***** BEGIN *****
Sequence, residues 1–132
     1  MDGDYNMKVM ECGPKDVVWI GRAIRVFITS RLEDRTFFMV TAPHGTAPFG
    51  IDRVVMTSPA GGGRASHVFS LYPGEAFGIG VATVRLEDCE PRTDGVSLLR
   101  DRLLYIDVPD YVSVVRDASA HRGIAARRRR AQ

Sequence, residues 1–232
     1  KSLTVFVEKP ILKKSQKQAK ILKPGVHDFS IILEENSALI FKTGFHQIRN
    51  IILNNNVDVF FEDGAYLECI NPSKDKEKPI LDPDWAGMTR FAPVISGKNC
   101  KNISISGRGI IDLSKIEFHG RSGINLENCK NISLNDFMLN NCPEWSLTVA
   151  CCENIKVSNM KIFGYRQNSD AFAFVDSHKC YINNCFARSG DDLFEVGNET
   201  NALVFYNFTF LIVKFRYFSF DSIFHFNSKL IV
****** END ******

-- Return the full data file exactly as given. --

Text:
Sequence, residues 1–132
     1  MDGDYNMKVM ECGPKDVVWI GRAIRVFITS RLEDRTFFMV TAPHGTAPFG
    51  IDRVVMTSPA GGGRASHVFS LYPGEAFGIG VATVRLEDCE PRTDGVSLLR
   101  DRLLYIDVPD YVSVVRDASA HRGIAARRRR AQ

Sequence, residues 1–232
     1  KSLTVFVEKP ILKKSQKQAK ILKPGVHDFS IILEENSALI FKTGFHQIRN
    51  IILNNNVDVF FEDGAYLECI NPSKDKEKPI LDPDWAGMTR FAPVISGKNC
   101  KNISISGRGI IDLSKIEFHG RSGINLENCK NISLNDFMLN NCPEWSLTVA
   151  CCENIKVSNM KIFGYRQNSD AFAFVDSHKC YINNCFARSG DDLFEVGNET
   201  NALVFYNFTF LIVKFRYFSF DSIFHFNSKL IV